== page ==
Effect of Integrated Yoga (IY) on Psychological States and CD4 Counts of HIV-1 Infected Patients: A Randomized Controlled Pilot Study

By Naoroibam, Rosy; Metri, Kashinath et al. | International Journal of Yoga, January-June 2016 | Go to article overview

Effect of Integrated Yoga (IY) on Psychological States and CD4 Counts of HIV-1 Infected Patients: A Randomized Controlled Pilot Study


Naoroibam, Rosy, Metri, Kashinath, Bhargav, Hemant, Nagaratna, R., Nagendra, H., International Journal of Yoga


Byline: Rosy. Naoroibam, Kashinath. Metri, Hemant. Bhargav, R. Nagaratna, H. Nagendra

Background: Human immunodeficiency virus (HIV) infected individuals frequently suffer from anxiety and depression. Depression has been associated with rapid decline in CD4 counts and worsened treatment outcomes in HIV-infected patients. Yoga has been used to reduce psychopathology and improve immunity. Aim: To study the effect of 1-month integrated yoga (IY) intervention on anxiety, depression, and CD4 counts in patients suffering from HIV-1 infection. Methods: Forty four HIV-1 infected individuals from two HIV rehabilitation centers of Manipur State of India were randomized into two groups: Yoga (n = 22; 12 males) and control (n = 22; 14 males). Yoga group received IY intervention, which included physical postures (asanas), breathing practices (pranayama), relaxation techniques, and meditation. IY sessions were given 60 min/day, 6 days a week for 1 month. Control group followed daily routine during this period. All patients were on anti-retroviral therapy (ART) and dosages were kept stable during the study. There was no significant difference in age, gender, education, CD4 counts, and ART status between the two groups. Hospital anxiety and depression scale was used to assess anxiety and depression, CD4 counts were measured by flow cytometry before and after intervention. Analysis of variance – repeated measures was applied to analyze the data using SPSS version 10. Results: Within group comparison showed a significant reduction in depression scores (F [1, 21] =4.19, P < 0.05) and non-significant reduction in anxiety scores along with non significant increment in CD4 counts in the yoga group. In the control group, there was a non-significant increase in anxiety and depression scores and reduction in CD4 counts. Between-group comparison revealed a significant reduction in depression scores (F [1, 21] =5.64, P < 0.05) and significant increase in CD4 counts (F [1, 21] =5.35, P < 0.05) in the yoga group as compared to the control. Conclusion: One month practice of IY may reduce depression and improve immunity in HIV-1 infected adults.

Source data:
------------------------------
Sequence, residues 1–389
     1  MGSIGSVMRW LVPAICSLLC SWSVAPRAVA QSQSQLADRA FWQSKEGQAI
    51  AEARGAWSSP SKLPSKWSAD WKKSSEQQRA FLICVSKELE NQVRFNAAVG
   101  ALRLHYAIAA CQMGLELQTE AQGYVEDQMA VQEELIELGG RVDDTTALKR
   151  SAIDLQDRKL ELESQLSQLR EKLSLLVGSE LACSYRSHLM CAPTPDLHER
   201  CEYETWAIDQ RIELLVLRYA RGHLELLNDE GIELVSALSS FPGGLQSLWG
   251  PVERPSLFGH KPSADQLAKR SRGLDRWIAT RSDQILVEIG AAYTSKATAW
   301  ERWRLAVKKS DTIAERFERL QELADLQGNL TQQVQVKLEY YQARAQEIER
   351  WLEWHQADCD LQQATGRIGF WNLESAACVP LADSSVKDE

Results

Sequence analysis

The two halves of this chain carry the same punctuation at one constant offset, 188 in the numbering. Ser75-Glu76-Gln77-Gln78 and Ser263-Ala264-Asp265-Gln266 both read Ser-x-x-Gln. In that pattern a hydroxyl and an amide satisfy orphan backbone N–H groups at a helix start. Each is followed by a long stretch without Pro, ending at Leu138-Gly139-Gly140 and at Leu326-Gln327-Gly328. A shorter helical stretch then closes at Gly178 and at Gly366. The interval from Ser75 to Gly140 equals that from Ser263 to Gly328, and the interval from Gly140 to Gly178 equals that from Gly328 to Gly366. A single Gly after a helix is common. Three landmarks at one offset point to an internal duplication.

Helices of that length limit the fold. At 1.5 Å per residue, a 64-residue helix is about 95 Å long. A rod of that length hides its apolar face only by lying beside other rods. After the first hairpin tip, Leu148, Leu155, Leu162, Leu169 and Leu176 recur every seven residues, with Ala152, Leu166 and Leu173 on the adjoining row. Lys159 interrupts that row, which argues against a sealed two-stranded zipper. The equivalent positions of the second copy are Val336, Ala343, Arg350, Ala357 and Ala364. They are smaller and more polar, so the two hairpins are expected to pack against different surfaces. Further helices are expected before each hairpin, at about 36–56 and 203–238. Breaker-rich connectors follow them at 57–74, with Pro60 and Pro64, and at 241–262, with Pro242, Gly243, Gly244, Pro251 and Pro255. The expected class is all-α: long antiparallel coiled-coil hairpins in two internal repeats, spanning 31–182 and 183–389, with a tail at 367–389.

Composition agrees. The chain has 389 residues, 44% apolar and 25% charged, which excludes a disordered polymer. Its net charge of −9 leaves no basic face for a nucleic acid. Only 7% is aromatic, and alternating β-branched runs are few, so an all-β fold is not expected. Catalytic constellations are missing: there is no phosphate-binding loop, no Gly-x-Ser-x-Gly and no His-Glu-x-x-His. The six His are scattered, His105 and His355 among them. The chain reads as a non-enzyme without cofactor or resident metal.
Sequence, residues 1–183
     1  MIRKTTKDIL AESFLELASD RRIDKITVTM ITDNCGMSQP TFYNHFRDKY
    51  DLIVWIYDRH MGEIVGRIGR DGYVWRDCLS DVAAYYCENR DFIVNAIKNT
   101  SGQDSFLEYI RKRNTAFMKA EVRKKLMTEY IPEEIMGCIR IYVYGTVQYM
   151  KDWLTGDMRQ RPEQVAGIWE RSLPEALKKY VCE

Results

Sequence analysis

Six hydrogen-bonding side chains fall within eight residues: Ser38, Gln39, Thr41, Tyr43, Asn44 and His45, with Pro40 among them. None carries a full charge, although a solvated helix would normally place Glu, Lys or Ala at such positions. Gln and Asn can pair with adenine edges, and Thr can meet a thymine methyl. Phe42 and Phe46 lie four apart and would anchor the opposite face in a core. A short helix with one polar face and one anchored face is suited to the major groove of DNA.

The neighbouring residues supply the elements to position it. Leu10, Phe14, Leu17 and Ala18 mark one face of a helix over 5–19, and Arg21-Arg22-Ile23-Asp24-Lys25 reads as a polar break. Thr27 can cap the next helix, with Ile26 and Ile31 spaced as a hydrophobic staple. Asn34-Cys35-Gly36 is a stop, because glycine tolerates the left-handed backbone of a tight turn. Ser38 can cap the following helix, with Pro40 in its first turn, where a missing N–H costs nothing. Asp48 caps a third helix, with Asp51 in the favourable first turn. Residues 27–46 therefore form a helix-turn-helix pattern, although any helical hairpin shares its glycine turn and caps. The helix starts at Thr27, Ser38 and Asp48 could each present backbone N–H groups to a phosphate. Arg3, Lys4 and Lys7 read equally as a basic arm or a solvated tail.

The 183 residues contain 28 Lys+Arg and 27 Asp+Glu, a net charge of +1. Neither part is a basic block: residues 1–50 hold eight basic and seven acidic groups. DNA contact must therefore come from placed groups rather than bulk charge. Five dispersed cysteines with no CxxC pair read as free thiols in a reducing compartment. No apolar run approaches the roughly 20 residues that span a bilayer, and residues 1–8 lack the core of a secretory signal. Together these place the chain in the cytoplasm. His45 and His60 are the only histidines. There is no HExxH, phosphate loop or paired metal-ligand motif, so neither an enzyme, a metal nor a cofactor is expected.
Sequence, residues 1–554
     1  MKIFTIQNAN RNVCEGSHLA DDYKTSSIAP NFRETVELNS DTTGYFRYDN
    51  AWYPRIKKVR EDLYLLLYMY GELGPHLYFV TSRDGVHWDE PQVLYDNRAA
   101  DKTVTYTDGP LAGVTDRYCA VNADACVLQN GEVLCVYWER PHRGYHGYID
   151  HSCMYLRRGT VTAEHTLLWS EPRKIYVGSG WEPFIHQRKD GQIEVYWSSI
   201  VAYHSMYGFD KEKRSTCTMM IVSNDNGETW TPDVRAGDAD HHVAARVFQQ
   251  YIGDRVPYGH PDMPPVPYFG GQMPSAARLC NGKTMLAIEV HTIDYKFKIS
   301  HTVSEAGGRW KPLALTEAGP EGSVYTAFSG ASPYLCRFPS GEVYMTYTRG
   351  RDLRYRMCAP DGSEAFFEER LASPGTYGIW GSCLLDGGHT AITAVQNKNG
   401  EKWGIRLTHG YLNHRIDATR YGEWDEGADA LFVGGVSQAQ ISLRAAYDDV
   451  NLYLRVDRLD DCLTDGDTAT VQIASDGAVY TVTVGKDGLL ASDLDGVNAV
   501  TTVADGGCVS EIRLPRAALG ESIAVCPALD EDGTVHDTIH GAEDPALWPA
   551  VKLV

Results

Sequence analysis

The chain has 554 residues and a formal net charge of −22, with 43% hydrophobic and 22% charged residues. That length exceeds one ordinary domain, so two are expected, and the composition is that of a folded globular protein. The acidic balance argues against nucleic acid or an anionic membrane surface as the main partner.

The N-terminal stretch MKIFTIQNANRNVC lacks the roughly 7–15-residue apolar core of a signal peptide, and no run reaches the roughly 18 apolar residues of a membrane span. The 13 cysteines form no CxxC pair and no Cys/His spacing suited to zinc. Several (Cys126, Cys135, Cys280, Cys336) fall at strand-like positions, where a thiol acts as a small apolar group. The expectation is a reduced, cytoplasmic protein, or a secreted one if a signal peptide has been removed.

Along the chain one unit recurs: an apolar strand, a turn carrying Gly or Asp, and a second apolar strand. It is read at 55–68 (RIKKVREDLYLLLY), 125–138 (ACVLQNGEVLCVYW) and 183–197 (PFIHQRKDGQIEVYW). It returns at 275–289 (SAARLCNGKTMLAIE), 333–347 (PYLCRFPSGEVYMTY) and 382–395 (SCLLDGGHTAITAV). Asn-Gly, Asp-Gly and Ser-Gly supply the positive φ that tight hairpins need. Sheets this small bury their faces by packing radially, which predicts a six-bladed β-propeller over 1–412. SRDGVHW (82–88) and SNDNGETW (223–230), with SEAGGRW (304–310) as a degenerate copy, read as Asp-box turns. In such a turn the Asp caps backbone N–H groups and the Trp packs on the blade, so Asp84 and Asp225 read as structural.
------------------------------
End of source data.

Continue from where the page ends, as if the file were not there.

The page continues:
Introduction

Human immunodeficiency virus (HIV) infection is a communicable disease leading to significant morbidity, mortality, and poor quality of life. Approximately, 2.5 million individuals were found to be infected with HIV-1 infection in the 2009 survey. Though anti-retroviral therapy (ART) has significantly increased the life span and treatment outcome in HIV-infected patients, social stigma, depression, substance abuse, and wrong cultural beliefs significantly impair their quality of life.[sup][1] Mental disorders such as major depressive disorder, generalized anxiety, and agoraphobia are commonly found in patients with HIV.[sup][2] Out of all these, depression is the most prevalent comorbid mental disorder with a prevalence of 22–38% among HIV-infected patients.[sup][3],[4],[5] Unemployment, lack of health insurance, low CD4+ cell counts, not having a partner, and poor quality of social support are significant contributors for depression in HIV-infected patients.[sup][6] Depression is found to be associated with poor adherence to ART,[sup][7] and also influences CD4 counts and viral loads (VLs) negatively.[sup][8] Antidepressant medications are helpful, but they are not free from side effects.

Complementary and alternative medicine is becoming popular as rehabilitation measures in patients living with HIV/AIDS.[sup][9] Yoga is the most commonly used mind–body intervention.[sup][10] It is cost-effective and easy to implement and offers benefit for emotional, psychological, and physical health.[sup][11] Yoga encompasses asanas (Yogic postures), pranayama (Yogic breathing practices), yoga-based relaxation techniques, and meditation.

Many studies demonstrated the broad positive impact of yoga in health and many disease conditions. …

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